It’s a lovely weekend in springtime. The brightly-shining sun has taken the chill out of the air, and brought new energy to your life. What could be better on a day like this than to wander into the woods, amongst the bluebells?
Well, what about if you could combine your walk with getting something for nothing?
From late winter through spring wild garlic grows freely in woods, especially near rivers and alongside bluebells. The leaves are long and glossy, and look a bit like Lily of the Valley leaves, and during the spring the plant carries heads of star-shaped white flowers. If you’re in any doubt, give the leaves a good sniff! The smell is unmistakable, and, unlike cultivated garlic, it’s the leaves of wild garlic that are used in cookery. Collect a large bundle of them and head for home.
Remove the stalks and wash and dry the leaves. Then you’re ready to start cooking.
Wild garlic pesto
- Large handful wild garlic leaves, washed and dried
- 2 tablespoons pine nuts
- 1 garlic clove, peeled and finely chopped
- 1 cup olive oil
- 2 tablespoons freshly-grated parmesan cheese
- Salt and pepper to taste
Start off by whizzing the pine nuts, garlic leaves and garlic together in a blender or food processor. Add the parmesan and whiz quickly. Add the oil while processing to make a smooth sauce. Season to taste.
Serve with pasta, bread, fish, vegetables – anything simple that needs a tasty lift.
Bottled in sterilised air-tight jars and stored in the fridge the pesto will keep for several weeks.
* * * * *
Now cast your mind back to your childhood. Do you ever think, ‘Food tasted better then’? If, like us, you’ve bought a punnet of cress from the supermarket recently thinking it will liven up your salad, again like us, you may have been disappointed.
That’s because, not so long ago, when shops sold cress what they were actually selling was a mixture of mustard and cress. Proper cress (Lepidium sativum) and mustard (Brassica hirta) are both slightly hot and add a peppery zing to traditional egg and cress sandwiches or a mixed green salad. Today’s ‘cress’ is usually rapeseed, which is bland to taste.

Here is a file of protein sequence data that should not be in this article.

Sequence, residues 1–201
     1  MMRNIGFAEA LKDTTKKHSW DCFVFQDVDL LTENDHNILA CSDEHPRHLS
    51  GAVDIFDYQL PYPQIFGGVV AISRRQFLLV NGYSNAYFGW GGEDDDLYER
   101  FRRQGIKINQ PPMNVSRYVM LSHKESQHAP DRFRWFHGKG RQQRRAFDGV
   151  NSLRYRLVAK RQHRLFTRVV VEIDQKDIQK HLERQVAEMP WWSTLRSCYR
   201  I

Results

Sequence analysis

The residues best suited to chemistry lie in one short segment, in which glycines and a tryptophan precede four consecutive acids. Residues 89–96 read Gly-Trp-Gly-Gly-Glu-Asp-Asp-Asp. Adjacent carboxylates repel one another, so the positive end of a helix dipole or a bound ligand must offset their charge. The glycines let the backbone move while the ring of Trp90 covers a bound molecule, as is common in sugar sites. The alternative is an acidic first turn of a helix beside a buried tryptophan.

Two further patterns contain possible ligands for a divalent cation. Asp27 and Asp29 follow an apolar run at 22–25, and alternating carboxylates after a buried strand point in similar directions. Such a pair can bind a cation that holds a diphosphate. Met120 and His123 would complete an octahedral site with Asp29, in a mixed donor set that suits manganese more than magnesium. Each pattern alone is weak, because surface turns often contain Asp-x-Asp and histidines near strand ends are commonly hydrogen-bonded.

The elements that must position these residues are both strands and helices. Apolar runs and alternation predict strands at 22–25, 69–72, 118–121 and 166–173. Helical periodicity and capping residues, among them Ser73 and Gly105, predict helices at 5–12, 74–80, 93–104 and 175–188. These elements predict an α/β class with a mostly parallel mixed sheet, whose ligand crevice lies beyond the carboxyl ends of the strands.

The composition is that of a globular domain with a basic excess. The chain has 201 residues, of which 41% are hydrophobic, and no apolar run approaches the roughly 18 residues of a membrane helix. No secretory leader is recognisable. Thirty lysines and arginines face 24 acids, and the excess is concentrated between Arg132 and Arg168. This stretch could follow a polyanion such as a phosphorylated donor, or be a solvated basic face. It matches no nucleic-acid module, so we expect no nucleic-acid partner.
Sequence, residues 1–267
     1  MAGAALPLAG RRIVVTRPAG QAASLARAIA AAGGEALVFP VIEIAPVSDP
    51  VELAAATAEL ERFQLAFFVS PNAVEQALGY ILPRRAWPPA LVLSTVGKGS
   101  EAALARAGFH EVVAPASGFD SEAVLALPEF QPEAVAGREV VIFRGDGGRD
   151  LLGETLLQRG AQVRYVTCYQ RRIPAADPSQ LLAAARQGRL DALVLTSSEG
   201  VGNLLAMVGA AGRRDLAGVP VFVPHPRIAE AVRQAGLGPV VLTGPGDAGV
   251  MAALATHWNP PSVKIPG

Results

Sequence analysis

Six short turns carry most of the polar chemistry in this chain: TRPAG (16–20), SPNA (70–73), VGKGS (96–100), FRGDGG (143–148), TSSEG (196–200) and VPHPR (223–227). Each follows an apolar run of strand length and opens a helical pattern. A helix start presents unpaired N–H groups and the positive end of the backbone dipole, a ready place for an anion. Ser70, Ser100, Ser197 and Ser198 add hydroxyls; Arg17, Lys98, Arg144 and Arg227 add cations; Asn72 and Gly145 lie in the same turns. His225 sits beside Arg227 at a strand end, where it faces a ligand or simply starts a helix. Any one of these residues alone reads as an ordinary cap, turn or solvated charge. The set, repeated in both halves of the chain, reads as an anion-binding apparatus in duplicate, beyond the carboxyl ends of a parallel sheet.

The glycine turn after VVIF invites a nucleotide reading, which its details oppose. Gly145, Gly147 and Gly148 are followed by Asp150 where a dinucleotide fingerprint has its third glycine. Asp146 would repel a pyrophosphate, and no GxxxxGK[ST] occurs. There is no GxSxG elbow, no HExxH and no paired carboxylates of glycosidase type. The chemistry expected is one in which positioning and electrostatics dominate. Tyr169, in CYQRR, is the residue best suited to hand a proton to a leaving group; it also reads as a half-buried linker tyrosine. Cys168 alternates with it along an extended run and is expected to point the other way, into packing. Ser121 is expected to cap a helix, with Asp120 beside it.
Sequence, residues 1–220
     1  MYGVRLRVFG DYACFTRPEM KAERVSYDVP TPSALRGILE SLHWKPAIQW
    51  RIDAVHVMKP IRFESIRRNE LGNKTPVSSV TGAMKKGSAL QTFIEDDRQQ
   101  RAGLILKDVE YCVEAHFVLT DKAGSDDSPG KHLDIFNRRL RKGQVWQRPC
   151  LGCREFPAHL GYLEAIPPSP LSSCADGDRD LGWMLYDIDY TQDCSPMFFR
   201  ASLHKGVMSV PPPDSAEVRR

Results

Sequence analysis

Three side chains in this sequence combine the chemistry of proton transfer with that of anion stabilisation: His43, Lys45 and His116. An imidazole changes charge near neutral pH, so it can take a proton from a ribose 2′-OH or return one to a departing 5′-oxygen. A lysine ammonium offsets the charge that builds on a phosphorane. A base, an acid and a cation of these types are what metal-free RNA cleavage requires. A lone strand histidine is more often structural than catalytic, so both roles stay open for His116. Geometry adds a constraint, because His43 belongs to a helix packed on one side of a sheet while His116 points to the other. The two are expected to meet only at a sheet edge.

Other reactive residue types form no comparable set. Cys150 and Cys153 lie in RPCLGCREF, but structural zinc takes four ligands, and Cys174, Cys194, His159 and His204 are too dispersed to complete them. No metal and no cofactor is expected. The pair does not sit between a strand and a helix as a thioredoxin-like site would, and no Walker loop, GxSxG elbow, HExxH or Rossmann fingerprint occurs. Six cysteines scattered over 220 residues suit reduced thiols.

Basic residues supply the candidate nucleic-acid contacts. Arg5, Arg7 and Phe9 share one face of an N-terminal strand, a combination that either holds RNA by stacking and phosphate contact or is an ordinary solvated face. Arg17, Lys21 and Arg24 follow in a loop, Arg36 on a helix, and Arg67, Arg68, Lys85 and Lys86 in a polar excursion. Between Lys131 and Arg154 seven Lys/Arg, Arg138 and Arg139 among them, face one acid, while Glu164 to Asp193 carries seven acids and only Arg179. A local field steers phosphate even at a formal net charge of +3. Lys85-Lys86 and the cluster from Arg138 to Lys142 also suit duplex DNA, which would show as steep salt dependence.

Most children at some point during their school years will experiment with growing mustard and cress. Teachers love the exercise as it’s simple, and children love it as it brings quick results. To rediscover the traditional taste, this is all you need:
- Shallow dish
- Paper towel
- Plastic bag
- Mustard and cress seeds
Dampen the paper towel and lay it in the dish. Sprinkle the seeds on top. Place the dish in a plastic bag and seal loosely. Leave in a dark place until the seeds have sprouted and the seedlings reached about 5 cm in height. Take the dish out of the plastic bag and leave on a sunny windowsill. Keep the paper towel damp.
- Cress seeds germinate faster than mustard seeds so, if you want to eat them together, sow the cress seeds 3 or 4 days ahead of the mustard.
Something else that grows quickly is the shoot of the mung bean (bean sprouts). Traditionally used in Chinese dishes and stir-fries but also ideal in salads, bean sprouts are quick and easy to grow at home.
For this you need
- Empty cottage cheese/crème fraiche-type container with a lid
- Mung beans
Soak a handful of beans overnight in water. Put them in the pot and cover with the lid. Make a few small holes in the lid. Leave the pot in the airing cupboard or alternative warm and dark space. Twice a day, morning and evening, fill the pot with water, and then, using the lid as a filter, tip the water out again. The beans will be ready to eat in about 3-4 days.